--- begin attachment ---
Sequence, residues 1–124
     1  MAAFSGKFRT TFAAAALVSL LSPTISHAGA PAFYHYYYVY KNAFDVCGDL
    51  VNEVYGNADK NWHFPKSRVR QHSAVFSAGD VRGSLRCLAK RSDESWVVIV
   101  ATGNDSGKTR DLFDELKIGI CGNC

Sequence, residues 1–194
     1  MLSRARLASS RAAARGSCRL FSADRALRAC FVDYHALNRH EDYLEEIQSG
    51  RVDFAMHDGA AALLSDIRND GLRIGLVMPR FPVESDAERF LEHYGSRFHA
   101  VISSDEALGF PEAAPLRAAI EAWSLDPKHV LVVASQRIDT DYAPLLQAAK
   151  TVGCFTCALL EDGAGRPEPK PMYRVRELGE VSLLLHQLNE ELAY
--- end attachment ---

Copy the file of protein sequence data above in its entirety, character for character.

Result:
Sequence, residues 1–124
     1  MAAFSGKFRT TFAAAALVSL LSPTISHAGA PAFYHYYYVY KNAFDVCGDL
    51  VNEVYGNADK NWHFPKSRVR QHSAVFSAGD VRGSLRCLAK RSDESWVVIV
   101  ATGNDSGKTR DLFDELKIGI CGNC

Sequence, residues 1–194
     1  MLSRARLASS RAAARGSCRL FSADRALRAC FVDYHALNRH EDYLEEIQSG
    51  RVDFAMHDGA AALLSDIRND GLRIGLVMPR FPVESDAERF LEHYGSRFHA
   101  VISSDEALGF PEAAPLRAAI EAWSLDPKHV LVVASQRIDT DYAPLLQAAK
   151  TVGCFTCALL EDGAGRPEPK PMYRVRELGE VSLLLHQLNE ELAY